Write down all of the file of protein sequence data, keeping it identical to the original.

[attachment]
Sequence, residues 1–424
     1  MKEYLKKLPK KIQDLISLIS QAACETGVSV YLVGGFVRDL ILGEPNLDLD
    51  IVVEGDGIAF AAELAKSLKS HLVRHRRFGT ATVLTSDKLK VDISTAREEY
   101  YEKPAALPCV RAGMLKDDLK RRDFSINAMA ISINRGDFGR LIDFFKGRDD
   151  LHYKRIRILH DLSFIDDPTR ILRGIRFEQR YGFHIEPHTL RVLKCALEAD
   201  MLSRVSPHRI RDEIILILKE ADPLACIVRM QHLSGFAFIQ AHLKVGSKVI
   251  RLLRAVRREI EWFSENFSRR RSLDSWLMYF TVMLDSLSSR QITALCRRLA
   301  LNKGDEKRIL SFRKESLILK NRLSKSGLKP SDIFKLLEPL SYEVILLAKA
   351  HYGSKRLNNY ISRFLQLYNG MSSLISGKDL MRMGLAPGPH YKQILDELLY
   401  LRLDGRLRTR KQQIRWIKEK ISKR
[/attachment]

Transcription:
Sequence, residues 1–424
     1  MKEYLKKLPK KIQDLISLIS QAACETGVSV YLVGGFVRDL ILGEPNLDLD
    51  IVVEGDGIAF AAELAKSLKS HLVRHRRFGT ATVLTSDKLK VDISTAREEY
   101  YEKPAALPCV RAGMLKDDLK RRDFSINAMA ISINRGDFGR LIDFFKGRDD
   151  LHYKRIRILH DLSFIDDPTR ILRGIRFEQR YGFHIEPHTL RVLKCALEAD
   201  MLSRVSPHRI RDEIILILKE ADPLACIVRM QHLSGFAFIQ AHLKVGSKVI
   251  RLLRAVRREI EWFSENFSRR RSLDSWLMYF TVMLDSLSSR QITALCRRLA
   301  LNKGDEKRIL SFRKESLILK NRLSKSGLKP SDIFKLLEPL SYEVILLAKA
   351  HYGSKRLNNY ISRFLQLYNG MSSLISGKDL MRMGLAPGPH YKQILDELLY
   401  LRLDGRLRTR KQQIRWIKEK ISKR